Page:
As far as consideration of other people go (on a serious note), as a biologist this puzzles me.
If we consider ourselves as just vessels for our selfish genes we come across a dilemma:
1. according to game theory, if we do not have more to gain (reproductively) from our altruistic actions, our genes will die out.
2. this is why kin selection occurs (e.g. gulls will only feed those young which they know to be their own, and therefore have adapted methods to identify their young. If there are infiltrators, they will affect the success of the gulls which help them, producing evolutionary pressure to identify and discriminate against individuals which do not have the same genes as you).
From human behaviour and human genetics this suggests 2 things:
1. we don't have to operate at the level of our 'selfish genes'* and can overcome such desires through the knowledge that, in the end, everyone will be dead and competition to reach a final goal is irrelevant.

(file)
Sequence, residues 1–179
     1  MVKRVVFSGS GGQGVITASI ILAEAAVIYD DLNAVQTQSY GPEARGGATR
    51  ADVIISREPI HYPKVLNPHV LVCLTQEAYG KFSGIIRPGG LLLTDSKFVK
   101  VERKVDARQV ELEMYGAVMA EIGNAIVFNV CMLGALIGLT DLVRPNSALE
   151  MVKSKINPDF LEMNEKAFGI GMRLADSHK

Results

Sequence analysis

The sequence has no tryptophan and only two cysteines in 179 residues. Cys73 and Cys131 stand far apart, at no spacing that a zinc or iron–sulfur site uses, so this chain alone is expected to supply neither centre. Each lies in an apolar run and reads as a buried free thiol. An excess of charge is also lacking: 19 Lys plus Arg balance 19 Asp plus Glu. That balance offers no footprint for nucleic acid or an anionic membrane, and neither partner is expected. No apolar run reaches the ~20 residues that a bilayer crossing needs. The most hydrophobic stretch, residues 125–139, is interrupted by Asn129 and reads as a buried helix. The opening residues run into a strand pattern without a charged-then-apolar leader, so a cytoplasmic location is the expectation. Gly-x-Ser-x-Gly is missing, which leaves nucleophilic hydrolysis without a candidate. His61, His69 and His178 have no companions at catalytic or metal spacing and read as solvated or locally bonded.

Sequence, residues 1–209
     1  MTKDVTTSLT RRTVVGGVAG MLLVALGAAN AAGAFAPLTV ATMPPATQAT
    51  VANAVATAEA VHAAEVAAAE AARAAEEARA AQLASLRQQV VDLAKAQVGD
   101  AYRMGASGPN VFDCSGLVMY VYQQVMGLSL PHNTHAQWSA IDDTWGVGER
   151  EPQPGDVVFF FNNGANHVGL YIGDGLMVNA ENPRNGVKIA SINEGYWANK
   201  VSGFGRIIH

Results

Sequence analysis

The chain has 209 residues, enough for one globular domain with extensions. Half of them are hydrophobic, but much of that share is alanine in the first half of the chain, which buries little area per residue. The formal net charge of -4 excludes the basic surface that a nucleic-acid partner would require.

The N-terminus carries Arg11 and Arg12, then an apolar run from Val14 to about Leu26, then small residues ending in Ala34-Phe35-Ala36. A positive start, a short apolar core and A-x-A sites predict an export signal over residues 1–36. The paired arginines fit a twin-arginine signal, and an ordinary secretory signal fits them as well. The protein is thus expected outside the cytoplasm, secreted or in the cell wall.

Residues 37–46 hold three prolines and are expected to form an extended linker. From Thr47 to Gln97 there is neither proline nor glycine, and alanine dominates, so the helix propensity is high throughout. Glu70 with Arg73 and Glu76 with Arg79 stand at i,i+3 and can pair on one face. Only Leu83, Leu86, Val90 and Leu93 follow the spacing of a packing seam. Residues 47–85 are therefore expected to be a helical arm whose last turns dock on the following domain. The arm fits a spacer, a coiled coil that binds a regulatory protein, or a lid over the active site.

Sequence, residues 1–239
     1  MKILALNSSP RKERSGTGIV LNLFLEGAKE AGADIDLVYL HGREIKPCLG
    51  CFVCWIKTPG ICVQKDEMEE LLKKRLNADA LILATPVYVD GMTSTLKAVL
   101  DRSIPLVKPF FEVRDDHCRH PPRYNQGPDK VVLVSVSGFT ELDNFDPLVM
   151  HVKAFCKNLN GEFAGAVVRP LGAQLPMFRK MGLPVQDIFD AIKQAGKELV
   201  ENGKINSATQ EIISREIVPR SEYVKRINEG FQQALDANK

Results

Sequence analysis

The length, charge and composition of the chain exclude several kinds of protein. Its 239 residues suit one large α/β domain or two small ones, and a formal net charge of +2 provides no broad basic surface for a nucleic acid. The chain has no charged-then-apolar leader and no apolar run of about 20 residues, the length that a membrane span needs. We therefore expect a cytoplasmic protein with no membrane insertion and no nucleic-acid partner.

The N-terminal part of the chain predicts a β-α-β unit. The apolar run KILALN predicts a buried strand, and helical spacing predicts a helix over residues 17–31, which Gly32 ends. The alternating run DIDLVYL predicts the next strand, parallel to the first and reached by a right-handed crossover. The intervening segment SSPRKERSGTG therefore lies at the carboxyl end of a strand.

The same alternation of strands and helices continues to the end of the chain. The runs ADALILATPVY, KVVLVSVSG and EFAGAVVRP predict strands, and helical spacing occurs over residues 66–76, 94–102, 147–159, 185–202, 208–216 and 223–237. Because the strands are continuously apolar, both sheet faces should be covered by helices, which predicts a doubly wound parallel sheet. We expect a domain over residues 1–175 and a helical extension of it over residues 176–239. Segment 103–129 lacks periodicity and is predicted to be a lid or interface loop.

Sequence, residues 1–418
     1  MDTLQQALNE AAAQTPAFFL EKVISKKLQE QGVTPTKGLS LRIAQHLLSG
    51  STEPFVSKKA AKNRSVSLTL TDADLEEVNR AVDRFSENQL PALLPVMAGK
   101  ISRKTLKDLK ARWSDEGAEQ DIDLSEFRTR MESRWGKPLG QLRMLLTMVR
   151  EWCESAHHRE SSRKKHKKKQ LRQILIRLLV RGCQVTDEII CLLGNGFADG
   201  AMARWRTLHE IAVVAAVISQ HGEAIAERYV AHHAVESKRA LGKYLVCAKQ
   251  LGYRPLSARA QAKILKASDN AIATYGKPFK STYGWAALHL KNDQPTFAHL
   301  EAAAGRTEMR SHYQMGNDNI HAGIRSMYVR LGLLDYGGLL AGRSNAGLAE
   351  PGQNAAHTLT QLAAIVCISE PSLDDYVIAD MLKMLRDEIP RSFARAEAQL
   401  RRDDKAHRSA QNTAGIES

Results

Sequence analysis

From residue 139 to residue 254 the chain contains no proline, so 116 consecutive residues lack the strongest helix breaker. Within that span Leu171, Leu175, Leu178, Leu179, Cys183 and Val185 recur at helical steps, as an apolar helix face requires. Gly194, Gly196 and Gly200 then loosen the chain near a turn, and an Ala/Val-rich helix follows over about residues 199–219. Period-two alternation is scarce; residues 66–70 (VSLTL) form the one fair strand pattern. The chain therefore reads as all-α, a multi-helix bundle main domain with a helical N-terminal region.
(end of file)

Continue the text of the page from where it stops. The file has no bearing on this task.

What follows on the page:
2. humans are genetically so similar that we have a vested interest in protecting all members of the human race (you never know whether the most physically and mentally disabled person may have the genes which could save the rest of mankind from a fatal disease).
Currently this leaves me with the following belief:
3. as we do in aikido, be altruistic, but never let anyone take the advantage.
* I hate the phrase 'selfish gene' which is one of the biggest misnomers of modern science. Evolution is a process without desires as we think of them. Just as a chemical reaction would occur. If it wasn't for the fact that genes were 'generous' enough to die out, we would not have 'selfish' genes. (really gives you a taste of the yin and yang of evolution)
Apologies for the long e-mail,